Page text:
Legislating was easier on Schoolhouse Rock

March 4, 2015

Remember the 1975 Schoolhouse Rock classic “I’m Just a Bill“? It describes the process of how a bill becomes a law with a succinct, sing-songy ease. On paper—and in song—the process is easy but fraught. Our sad little scrap of paper sings:

I’m just a bill
Yes, I’m only a bill,
And I got as far as Capitol Hill
Well, now I’m stuck in committee
And I’ll sit here and wait
While a few key Congressmen discuss and debate

As this Reuters graphic shows, by all measures, the amount of legislation that has made its way to the Oval Office has shrunk since President Obama—and the 111th Congress—took office in 2009. In the 1990s, President Clinton famously clashed with the Republican-controlled ‘Contract with America‘ Congress, resulting in 47 vetoes over the last six years of his tenure. By comparison, facing a no-less-contentious Congress, President Obama only used his veto power three times.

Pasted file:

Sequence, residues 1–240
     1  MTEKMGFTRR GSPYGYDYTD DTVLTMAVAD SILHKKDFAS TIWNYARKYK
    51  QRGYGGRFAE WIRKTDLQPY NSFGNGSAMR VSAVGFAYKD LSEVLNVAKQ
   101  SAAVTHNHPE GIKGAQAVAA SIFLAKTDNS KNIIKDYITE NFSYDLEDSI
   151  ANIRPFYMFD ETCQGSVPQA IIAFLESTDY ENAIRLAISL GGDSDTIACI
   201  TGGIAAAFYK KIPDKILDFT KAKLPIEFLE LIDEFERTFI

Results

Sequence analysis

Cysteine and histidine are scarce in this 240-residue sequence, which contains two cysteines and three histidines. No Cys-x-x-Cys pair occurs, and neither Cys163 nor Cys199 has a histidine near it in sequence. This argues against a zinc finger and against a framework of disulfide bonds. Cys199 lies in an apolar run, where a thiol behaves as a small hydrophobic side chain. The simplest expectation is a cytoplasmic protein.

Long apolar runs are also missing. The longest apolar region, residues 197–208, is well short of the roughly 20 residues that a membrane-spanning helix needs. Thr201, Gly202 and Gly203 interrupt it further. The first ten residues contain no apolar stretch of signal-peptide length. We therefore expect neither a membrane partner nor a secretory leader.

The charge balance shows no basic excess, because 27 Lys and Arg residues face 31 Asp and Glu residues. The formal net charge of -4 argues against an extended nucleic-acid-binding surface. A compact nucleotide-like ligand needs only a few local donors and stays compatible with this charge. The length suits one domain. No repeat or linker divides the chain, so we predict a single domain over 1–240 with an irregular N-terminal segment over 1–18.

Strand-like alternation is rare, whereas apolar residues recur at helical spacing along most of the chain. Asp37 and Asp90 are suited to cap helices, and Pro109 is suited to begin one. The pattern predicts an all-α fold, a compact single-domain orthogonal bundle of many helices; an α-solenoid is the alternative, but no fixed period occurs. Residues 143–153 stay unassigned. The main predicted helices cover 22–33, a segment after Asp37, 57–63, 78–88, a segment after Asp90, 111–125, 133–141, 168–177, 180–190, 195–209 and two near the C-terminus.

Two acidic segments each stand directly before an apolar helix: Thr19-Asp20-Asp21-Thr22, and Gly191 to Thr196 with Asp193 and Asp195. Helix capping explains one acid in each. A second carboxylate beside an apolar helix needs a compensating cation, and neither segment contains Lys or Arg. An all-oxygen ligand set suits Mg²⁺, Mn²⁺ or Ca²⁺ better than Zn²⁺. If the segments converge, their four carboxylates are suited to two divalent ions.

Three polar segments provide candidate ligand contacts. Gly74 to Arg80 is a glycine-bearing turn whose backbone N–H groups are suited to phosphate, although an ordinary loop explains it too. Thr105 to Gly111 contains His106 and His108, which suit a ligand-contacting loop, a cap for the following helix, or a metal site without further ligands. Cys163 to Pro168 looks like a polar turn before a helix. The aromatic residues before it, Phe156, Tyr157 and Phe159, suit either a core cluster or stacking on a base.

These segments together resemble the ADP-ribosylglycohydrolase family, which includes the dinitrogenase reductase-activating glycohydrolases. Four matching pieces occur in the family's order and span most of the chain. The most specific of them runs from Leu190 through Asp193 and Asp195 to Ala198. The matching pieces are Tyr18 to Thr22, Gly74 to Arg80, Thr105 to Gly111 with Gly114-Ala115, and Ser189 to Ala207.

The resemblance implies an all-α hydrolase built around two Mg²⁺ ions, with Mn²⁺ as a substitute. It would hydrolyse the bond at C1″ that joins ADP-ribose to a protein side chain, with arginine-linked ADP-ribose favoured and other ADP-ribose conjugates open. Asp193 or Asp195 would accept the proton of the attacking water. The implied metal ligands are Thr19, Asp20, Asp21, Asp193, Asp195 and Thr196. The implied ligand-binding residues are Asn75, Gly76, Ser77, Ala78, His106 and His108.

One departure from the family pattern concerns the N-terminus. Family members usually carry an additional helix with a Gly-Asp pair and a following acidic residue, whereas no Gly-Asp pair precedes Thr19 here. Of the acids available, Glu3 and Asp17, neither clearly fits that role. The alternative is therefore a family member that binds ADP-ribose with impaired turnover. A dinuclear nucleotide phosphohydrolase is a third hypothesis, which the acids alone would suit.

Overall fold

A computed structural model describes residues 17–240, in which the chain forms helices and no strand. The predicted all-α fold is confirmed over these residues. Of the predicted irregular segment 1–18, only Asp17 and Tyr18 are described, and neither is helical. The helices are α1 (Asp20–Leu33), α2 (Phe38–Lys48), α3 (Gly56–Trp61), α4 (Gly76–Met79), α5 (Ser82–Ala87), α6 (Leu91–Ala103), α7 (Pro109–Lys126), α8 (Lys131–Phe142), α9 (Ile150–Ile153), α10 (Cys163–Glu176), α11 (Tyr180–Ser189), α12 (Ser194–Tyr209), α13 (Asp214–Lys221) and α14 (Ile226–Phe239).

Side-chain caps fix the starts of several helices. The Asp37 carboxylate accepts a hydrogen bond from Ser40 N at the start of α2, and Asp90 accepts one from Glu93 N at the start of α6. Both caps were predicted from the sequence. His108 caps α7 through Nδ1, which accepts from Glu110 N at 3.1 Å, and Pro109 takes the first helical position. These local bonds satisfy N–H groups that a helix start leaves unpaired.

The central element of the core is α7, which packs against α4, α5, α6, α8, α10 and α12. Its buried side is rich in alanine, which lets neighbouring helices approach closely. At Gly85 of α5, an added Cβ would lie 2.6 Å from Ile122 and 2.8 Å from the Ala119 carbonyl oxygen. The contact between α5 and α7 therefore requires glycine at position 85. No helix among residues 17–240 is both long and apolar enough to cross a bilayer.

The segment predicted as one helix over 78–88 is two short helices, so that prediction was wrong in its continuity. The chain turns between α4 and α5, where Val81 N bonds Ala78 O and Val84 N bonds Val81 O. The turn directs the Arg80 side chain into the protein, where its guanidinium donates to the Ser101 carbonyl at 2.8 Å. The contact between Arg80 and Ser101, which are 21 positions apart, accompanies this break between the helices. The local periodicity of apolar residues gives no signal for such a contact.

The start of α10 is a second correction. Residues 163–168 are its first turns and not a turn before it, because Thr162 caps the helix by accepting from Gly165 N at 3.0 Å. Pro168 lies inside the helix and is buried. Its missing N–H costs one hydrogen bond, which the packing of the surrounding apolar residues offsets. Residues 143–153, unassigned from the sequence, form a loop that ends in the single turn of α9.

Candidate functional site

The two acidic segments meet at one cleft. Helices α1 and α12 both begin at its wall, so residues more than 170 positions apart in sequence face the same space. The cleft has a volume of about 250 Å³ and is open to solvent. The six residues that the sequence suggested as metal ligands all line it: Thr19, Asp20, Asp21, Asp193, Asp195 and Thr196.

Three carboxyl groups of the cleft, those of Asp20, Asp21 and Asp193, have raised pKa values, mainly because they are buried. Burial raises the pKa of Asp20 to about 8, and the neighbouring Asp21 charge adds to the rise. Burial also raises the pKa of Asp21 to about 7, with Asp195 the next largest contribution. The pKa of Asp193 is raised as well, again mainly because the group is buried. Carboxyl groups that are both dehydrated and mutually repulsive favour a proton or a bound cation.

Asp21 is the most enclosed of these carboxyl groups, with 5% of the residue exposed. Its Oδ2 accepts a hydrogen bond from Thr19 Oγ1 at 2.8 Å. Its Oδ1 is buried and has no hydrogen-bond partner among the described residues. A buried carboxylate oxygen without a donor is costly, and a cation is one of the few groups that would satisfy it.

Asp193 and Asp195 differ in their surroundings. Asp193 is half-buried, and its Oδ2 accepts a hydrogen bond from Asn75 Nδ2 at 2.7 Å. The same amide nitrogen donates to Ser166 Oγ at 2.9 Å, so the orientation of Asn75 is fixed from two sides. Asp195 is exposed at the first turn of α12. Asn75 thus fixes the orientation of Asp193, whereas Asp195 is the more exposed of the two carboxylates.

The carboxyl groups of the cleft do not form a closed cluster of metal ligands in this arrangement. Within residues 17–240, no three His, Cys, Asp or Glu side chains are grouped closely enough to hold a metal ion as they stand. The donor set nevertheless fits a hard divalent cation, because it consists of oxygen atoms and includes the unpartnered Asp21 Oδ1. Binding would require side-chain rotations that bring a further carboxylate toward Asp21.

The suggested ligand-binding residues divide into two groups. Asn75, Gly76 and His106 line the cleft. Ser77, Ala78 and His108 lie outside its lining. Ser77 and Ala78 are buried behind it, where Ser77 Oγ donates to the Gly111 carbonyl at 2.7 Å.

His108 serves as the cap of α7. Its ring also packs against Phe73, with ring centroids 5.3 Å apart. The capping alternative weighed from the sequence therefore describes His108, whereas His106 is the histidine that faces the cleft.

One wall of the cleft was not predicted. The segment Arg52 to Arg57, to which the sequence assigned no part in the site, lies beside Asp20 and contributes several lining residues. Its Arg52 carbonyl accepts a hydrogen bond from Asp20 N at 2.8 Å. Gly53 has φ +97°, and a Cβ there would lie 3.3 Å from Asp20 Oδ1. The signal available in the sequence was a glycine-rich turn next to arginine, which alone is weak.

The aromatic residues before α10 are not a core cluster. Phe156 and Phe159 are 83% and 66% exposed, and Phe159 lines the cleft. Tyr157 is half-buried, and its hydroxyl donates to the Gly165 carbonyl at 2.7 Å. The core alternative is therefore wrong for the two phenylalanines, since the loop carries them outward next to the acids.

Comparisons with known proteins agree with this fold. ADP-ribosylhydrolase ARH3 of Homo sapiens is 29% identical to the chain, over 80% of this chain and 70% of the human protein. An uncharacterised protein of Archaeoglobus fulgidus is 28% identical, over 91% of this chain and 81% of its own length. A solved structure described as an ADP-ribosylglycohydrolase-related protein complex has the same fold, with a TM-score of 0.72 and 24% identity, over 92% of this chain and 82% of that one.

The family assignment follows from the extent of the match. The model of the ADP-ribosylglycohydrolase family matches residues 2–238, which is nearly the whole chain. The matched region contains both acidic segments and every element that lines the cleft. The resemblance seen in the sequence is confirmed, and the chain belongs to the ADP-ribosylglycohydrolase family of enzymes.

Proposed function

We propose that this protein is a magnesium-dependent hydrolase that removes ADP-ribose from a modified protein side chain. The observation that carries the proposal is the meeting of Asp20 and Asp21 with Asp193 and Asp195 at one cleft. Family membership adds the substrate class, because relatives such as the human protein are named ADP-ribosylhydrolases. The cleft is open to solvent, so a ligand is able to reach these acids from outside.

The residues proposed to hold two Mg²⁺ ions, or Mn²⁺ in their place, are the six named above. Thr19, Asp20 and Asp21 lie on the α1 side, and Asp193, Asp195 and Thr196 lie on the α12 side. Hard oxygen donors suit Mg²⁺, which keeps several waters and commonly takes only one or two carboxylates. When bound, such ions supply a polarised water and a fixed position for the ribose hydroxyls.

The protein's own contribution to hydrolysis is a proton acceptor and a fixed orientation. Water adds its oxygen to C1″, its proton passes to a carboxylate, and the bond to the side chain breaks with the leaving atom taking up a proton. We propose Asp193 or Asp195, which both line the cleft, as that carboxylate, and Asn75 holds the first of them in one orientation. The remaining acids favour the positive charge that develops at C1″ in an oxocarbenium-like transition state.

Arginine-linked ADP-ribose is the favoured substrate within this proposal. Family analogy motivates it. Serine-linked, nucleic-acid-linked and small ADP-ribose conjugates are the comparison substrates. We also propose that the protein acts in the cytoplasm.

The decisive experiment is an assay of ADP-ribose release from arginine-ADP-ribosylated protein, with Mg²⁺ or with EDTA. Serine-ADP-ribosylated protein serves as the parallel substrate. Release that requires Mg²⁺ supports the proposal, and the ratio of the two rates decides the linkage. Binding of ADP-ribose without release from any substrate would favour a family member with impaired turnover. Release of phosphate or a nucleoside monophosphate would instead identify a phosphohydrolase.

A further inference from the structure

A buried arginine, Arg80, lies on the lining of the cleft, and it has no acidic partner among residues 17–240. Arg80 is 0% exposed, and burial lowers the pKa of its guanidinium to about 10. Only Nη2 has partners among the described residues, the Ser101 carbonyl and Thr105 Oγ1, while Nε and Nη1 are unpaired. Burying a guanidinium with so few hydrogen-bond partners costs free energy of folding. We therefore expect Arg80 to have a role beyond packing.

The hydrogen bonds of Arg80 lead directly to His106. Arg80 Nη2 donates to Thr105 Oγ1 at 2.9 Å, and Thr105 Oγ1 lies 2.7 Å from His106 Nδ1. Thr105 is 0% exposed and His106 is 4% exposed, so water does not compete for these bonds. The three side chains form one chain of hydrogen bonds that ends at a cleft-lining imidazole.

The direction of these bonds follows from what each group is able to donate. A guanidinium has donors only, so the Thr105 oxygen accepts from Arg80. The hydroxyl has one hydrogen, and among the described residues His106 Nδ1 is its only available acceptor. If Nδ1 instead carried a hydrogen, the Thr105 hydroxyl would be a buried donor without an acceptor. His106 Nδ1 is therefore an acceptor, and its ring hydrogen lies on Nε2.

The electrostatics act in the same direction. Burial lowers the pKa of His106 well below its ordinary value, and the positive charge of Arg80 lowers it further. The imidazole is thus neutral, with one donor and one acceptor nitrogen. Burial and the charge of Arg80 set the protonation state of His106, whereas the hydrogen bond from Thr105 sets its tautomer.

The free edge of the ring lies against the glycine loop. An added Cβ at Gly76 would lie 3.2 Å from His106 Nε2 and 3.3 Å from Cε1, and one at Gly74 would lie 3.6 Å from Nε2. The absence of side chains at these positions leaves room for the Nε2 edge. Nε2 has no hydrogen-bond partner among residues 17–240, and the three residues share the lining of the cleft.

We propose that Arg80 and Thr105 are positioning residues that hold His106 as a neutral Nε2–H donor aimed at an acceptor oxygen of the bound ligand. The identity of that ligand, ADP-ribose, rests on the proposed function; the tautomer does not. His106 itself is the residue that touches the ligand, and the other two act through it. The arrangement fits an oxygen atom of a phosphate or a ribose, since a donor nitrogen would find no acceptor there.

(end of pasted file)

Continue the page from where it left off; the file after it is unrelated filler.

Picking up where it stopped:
The years of gridlock appear to have gotten to President Obama, who in November sidestepped Congress and announced an executive order on immigration, prompting Saturday Night Live to do a send-up of the old “I’m Just a Bill” song: “I’m an executive order/And I pretty much just happen.” Indeed, not very collegial.

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